Saturday, 31 March 2012

Prayer in public schools

Prayer is raising one's mind and heart to God. When the school day included prayer, there was an implicit acknowledgement that God existed, and that He was a loving Father who required a certain standard of behavior from His children. Today, prayer is no longer allowed in schools, and the behavior of young people is falling to ever-increasing lows.  

Many of the problems adults are experiencing with today's youth are caused by the fact that young people have little fear or respect for anyone or any institution. Parents, educators, and the justice system no longer have effective means of disciplining youth.

Many parents are no longer comfortable applying strict disciplinary measures to wayward children. One complaint from a neighbor, the school, or even the child himself can bring social workers into the home to investigate every nook and cranny of the family's life.

In some cases, this hyper-sensitive vigilance is a valuable safeguard against children being mistreated, but it has also struck fear into the hearts of numerous parents. It prevents them from enforcing firm discipline, even in cases where the young people are sorely in need of it.

We live in a permissive, child-centred society. Heaven forbid that anyone or anything should damage a child's self-image, or stifle his effort to express himself, or curtail his creativity, even if it's expressed in graffiti on the side of a public building.

Today's young people need to be reminded that there is indeed an omniscient, all-powerful, and all-just Heavenly Parent who sees all and is quite capable of punishing wrong-doing.

The school also has had its hands tied with applying effective disciplinary measures. A child cannot be kept in at recess, (he needs the break and exercise), nor after school, (he'll miss the bus). If he's so much as patted on the shoulder, the offending party can be charged with assault.

At school, presently, a student who misbehaves can no longer be effectively punished. The children are well aware of this fact and take full advantage of it. In the past, when prayer was a factor of daily life, they were at least reminded that there was a Higher Power who was not subject to the restrictions of the local education authorities.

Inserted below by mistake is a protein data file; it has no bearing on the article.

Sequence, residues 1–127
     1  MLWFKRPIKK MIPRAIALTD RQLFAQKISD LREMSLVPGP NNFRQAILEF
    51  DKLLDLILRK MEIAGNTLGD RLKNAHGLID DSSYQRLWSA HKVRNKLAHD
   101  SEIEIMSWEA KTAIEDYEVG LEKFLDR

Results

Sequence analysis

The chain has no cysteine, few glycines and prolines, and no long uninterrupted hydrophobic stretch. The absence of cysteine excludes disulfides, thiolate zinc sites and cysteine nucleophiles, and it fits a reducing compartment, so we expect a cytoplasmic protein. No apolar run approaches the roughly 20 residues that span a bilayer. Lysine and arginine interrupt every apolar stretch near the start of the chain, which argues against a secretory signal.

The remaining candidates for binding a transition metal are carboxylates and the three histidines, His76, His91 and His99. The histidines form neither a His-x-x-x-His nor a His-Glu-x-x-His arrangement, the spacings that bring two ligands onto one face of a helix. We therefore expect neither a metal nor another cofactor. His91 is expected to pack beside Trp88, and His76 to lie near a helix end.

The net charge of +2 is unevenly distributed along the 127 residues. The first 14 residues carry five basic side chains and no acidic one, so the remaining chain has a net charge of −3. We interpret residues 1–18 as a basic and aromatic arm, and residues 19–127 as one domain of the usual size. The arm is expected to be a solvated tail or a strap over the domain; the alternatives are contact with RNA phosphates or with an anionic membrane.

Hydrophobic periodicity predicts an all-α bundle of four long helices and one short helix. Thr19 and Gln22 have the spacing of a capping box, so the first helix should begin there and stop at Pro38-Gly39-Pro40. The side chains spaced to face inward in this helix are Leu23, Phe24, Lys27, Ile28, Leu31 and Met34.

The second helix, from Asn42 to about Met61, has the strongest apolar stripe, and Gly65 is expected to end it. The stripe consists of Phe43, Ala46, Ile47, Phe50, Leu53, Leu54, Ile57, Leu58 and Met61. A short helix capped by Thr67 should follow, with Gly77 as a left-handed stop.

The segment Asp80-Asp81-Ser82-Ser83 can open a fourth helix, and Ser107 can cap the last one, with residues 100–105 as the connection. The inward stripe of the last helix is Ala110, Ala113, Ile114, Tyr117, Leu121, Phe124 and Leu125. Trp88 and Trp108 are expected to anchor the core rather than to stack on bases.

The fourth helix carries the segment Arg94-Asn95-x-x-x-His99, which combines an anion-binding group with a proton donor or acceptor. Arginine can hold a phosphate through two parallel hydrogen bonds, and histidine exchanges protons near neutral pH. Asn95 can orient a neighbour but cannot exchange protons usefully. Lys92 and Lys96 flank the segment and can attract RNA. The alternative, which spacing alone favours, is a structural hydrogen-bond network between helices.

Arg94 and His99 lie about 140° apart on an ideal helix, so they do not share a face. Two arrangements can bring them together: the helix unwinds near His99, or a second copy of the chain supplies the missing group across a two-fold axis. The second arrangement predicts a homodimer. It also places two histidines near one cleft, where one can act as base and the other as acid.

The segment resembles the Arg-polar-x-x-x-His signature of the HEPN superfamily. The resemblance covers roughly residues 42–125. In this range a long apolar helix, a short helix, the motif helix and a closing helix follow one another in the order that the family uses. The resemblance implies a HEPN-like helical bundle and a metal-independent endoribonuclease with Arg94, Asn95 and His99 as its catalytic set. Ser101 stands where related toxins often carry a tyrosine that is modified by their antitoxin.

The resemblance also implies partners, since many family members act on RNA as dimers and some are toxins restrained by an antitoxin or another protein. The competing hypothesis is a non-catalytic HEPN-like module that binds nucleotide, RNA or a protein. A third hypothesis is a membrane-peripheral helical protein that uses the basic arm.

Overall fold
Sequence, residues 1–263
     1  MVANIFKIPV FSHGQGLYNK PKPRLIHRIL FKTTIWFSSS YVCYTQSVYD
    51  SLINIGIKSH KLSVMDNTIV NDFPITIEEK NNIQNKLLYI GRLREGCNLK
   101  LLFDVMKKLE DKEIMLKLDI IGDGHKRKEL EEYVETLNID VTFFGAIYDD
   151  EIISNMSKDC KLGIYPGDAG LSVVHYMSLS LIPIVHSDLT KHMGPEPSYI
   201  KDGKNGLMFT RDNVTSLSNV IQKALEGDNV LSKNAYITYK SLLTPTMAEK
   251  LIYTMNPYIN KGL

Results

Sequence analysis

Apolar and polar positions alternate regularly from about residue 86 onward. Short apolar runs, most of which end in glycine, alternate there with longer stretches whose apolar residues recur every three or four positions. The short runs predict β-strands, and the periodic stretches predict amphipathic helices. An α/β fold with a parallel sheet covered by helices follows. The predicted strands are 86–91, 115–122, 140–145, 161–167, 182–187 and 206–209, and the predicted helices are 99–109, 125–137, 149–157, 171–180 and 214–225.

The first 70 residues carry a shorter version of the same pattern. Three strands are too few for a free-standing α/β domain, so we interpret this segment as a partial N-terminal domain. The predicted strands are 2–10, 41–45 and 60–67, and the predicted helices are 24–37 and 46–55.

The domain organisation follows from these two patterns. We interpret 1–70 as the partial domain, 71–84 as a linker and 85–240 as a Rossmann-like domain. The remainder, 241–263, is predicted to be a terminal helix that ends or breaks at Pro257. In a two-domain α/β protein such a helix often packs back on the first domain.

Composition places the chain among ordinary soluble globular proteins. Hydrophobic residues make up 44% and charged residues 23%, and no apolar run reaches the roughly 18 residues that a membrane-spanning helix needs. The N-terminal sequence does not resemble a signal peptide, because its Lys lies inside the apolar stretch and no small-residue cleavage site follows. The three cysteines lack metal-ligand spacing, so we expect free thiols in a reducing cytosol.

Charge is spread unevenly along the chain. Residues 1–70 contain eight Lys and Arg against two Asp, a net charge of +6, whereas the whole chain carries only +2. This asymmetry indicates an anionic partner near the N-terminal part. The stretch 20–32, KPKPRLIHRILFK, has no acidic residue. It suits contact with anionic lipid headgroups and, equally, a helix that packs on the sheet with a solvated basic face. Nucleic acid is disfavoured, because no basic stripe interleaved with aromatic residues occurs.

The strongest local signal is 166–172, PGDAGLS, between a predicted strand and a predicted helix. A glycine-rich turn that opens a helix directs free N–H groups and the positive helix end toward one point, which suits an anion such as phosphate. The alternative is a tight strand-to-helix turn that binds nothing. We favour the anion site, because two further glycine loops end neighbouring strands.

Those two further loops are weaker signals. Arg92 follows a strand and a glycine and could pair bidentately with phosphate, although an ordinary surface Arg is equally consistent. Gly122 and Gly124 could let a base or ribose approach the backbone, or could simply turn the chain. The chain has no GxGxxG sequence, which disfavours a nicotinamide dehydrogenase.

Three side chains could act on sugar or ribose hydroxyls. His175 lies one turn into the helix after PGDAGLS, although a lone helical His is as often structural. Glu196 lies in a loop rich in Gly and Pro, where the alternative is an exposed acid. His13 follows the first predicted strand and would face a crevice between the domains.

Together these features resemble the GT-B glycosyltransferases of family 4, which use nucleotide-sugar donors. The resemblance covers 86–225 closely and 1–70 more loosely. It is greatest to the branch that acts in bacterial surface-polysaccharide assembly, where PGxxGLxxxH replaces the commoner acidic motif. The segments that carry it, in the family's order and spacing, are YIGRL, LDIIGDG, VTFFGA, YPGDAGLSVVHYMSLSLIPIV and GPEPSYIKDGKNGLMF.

Police officers and the courts also have little authority when it comes to young offenders. Trouble-makers can't be identified publicly by name even when they've committed murder. For lesser offences, they proceed through the revolving doors of the justice system to be returned to their homes or into foster care. From these places, they often progress to more serious offences until they reach the age where they can legally be held accountable for their actions.

Parental, educational, and legal authority over young people has been eroded to the extent that it is practically non-existent. Family church attendance has fallen off dismally and few young people even know the Ten Commandments, much less harbor any desire to obey them.

With street crime, domestic terrorism, gang wars, rape, home invasions, vandalism, drug use, and all kinds of delinquency and villainy on the rise, society in general needs to take  decisive action to avoid anarchy, as young people become more self-centered and rebellious. We need to turn to the Source of all authority for guidance as we strive to reestablish secure, law-abiding families and communities.

What better place to start than by making prayer once again a daily practice in our schools?

No comments:

Post a Comment